The qualification and competency of a witness to speak as an expert is primarily in the discretion of the trial court and his ruling will be disturbed only in case of a clear abuse of discretion. State ex rel. Helgerson v. Riiff, 73 S.D. 467, 44 N.W.2d 126; Wentzel v. Huebner, 78 S.D. 481, 104 N.W.2d 695. However, if a witness offered as an expert disclaims qualification to testify on the matter under inquiry manifestly his testimony is inadmissible. Wehner v. Lagerfelt, 27 Tex.Civ.App. 520, 66 S.W. 221; Maryland & P. R. Co. v. Tucker, 115 Md. 43, 80 A. 688; Mitchell v. Slye, 137 Md. 89, 111 A. 814; Cumberland & Westernport Transit Co. v. Metz, 158 Md. 424, 149 A. 4; Fisher v. Flanagan Coal Co., 86 W. Va. 460, 103 S.E. 359; Reimers v. Petersen, 237 Iowa 550, 22 N.W.2d 817. We have not overlooked those cases which hold that an expert witness is not incompetent to testify merely because he chooses not to refer to himself as an expert. That situation is not *101 presented. Rather, we have here a witness who stated she was not qualified to answer the specific inquiry.

The logic of this view is well stated by the Supreme Court of New Jersey in Guzzi v. Jersey Central Power & Light Co., 12 N.J. 251, 96 A.2d 387. It is there written:

"The witness was not at all certain of the supposed knowledge offered as well founded in special and peculiar experience. Knowledge is an essential element of testimonial qualifications, and such testimony as was tendered here has no probative force unless the witness is fitted to answer on the point. The witness, himself, said he did not know. While absolute certainty is not the standard of testimonial worth, there must needs be a showing of observation or knowledge proceeding from experience sufficient to qualify the witness to express an opinion on the subject matter. Wigmore on Evidence (3rd ed.), sections 555 et seq. Compare Carbone v. Warburton, 11 N.J. 418, 94 A.2d 680 (1953). Here, the eventual concession made by the witness would seem to be a disavowal of the requisite testimonial expert qualifications, or, at the very least, an unsureness that militates against the trustworthiness of his opinion."

This reasoning seems to us especially applicable here. Accordingly we feel compelled to hold that the court erred in not striking the questioned evidence.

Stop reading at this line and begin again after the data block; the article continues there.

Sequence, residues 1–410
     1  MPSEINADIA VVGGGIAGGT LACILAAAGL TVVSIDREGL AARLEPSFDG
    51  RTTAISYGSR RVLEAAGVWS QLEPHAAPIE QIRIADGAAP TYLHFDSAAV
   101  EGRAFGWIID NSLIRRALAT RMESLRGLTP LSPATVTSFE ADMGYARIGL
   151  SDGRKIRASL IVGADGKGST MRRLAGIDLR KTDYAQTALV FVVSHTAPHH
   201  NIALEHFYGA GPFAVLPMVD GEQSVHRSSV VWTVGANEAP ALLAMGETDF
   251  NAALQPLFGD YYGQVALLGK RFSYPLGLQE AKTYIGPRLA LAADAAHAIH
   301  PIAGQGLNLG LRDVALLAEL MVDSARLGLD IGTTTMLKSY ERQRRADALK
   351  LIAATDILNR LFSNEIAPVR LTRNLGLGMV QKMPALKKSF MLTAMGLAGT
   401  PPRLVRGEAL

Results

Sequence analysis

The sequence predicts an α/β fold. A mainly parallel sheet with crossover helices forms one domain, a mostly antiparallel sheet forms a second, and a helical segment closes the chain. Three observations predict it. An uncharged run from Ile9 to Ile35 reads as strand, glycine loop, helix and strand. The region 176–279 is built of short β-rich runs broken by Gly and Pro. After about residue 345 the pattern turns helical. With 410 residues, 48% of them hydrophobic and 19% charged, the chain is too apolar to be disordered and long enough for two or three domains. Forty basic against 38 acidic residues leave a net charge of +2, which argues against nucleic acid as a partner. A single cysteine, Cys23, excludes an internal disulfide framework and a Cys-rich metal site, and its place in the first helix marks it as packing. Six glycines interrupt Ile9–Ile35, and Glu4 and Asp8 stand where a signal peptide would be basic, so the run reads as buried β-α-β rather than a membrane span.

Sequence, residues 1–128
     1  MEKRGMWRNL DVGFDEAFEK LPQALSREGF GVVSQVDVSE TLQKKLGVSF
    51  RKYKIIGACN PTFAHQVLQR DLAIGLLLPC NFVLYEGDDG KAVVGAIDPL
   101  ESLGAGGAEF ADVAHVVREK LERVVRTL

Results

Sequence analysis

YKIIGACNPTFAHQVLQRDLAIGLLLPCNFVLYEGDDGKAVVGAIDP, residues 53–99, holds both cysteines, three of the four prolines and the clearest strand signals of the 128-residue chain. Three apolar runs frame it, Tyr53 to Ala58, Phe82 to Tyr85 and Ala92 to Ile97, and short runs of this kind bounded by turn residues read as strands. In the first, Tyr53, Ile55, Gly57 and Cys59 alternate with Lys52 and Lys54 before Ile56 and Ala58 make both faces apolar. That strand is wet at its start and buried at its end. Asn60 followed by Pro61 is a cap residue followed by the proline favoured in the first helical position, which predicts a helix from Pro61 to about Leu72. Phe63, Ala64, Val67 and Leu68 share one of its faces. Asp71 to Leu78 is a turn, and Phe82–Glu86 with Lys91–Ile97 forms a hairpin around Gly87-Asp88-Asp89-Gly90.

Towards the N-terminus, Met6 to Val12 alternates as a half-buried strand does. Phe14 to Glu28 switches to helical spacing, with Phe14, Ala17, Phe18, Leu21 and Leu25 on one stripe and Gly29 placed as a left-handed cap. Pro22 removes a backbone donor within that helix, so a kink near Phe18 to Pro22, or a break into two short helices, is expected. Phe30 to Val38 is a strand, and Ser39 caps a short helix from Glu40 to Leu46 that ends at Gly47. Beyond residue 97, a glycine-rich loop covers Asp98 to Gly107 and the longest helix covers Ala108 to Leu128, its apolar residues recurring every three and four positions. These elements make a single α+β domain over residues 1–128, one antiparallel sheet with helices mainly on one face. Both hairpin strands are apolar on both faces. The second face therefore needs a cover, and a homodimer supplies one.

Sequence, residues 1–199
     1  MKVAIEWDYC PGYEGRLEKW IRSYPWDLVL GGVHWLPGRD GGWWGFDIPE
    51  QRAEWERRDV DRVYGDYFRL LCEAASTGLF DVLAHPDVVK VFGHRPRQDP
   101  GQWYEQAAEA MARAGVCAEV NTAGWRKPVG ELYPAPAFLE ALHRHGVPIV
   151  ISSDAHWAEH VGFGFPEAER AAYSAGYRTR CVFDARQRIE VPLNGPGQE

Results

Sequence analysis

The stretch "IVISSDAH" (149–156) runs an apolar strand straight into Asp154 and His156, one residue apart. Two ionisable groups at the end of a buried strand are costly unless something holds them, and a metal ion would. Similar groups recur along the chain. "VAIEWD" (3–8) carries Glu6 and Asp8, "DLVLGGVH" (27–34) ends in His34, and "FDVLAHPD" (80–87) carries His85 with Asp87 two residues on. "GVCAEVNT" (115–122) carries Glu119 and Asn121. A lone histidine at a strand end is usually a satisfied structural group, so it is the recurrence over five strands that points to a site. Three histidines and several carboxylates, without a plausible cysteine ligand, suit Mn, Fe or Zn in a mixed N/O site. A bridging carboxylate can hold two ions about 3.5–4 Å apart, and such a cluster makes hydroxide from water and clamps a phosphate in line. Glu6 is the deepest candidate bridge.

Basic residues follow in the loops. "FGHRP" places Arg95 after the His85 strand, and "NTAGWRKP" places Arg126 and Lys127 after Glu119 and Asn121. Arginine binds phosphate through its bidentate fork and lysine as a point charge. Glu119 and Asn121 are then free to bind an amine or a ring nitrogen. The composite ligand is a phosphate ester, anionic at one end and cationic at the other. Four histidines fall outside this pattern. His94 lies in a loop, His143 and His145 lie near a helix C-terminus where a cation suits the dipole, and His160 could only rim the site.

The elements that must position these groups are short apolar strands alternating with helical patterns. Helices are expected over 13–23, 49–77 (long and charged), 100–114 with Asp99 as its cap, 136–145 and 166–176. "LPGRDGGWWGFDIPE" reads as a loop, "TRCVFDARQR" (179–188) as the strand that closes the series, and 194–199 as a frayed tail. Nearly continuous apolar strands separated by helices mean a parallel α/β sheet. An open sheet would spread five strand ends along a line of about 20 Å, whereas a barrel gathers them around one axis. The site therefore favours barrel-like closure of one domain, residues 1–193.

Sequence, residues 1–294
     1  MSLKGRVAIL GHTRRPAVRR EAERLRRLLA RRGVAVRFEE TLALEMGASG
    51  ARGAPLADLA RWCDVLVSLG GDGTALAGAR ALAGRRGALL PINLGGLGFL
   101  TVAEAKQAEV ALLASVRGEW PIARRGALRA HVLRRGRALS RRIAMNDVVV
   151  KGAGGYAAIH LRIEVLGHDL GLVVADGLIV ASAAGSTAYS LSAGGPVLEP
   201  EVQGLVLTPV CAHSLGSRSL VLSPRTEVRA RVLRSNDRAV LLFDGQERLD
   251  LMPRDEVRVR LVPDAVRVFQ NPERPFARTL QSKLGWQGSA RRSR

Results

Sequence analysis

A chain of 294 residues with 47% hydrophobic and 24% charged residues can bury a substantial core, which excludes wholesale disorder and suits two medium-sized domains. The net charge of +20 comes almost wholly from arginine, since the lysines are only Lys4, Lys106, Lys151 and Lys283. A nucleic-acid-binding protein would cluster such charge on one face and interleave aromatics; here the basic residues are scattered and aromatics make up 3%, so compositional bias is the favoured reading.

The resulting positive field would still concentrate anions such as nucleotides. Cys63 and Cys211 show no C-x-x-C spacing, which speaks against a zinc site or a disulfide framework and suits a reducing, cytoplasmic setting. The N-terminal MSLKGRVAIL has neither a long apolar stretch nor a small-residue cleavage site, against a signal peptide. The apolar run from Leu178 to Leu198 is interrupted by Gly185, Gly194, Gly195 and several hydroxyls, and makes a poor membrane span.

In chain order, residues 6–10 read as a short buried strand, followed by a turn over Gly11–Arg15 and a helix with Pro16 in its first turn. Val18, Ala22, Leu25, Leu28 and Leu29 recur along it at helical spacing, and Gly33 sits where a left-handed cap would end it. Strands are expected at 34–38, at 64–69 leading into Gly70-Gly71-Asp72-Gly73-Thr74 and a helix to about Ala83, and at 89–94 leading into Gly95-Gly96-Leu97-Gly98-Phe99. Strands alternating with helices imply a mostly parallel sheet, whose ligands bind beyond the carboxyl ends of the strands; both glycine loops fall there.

While it is not material on this point we think it proper to observe that Dr. Wayne A. Geib, a physician trained and practicing as a pathologist, called as an expert witness by the court, testified there were no structures on the slide in question that he identified as sperm after a search of approximately two hours. He also stated there were many objects on the slide which "superficially resemble sperm".

To determine whether this error was prejudicial we must examine other circumstances in the case. SDC 1960 Supp. 13.1727, the statute under which defendant was prosecuted, provides:

"Any person who shall willfully and unlawfully commit any lewd or lascivious act upon or with the body, or any part or member thereof, of a child under the age of fifteen years, with the intent of arousing, appealing to, or gratifying the lust or passion or sexual desires of such person, or of such child, shall be guilty of the crime of indecent molestation of a child."

In all cases arising under this section the purpose of the perpetrator in touching the child is the controlling factor. Proof that it was done with the intent of arousing, appealing to, or gratifying the lust or passion or sexual desires of the perpetrator, or of the child, is essential to a conviction. Of course, proof of this fact, like any other, may be made circumstantially.